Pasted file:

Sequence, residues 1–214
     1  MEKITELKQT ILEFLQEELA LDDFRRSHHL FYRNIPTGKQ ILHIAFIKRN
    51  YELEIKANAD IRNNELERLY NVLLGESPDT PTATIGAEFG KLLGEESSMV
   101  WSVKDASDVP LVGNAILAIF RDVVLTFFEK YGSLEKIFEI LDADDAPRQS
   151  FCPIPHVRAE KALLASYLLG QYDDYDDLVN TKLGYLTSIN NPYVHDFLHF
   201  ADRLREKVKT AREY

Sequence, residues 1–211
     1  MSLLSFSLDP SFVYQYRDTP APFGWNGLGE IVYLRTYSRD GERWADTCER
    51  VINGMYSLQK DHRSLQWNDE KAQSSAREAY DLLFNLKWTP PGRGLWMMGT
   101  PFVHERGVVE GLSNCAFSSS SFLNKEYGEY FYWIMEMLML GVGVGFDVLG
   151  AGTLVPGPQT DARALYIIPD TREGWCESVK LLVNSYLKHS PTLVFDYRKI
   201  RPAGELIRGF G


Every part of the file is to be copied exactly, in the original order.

Sequence, residues 1–214
     1  MEKITELKQT ILEFLQEELA LDDFRRSHHL FYRNIPTGKQ ILHIAFIKRN
    51  YELEIKANAD IRNNELERLY NVLLGESPDT PTATIGAEFG KLLGEESSMV
   101  WSVKDASDVP LVGNAILAIF RDVVLTFFEK YGSLEKIFEI LDADDAPRQS
   151  FCPIPHVRAE KALLASYLLG QYDDYDDLVN TKLGYLTSIN NPYVHDFLHF
   201  ADRLREKVKT AREY

Sequence, residues 1–211
     1  MSLLSFSLDP SFVYQYRDTP APFGWNGLGE IVYLRTYSRD GERWADTCER
    51  VINGMYSLQK DHRSLQWNDE KAQSSAREAY DLLFNLKWTP PGRGLWMMGT
   101  PFVHERGVVE GLSNCAFSSS SFLNKEYGEY FYWIMEMLML GVGVGFDVLG
   151  AGTLVPGPQT DARALYIIPD TREGWCESVK LLVNSYLKHS PTLVFDYRKI
   201  RPAGELIRGF G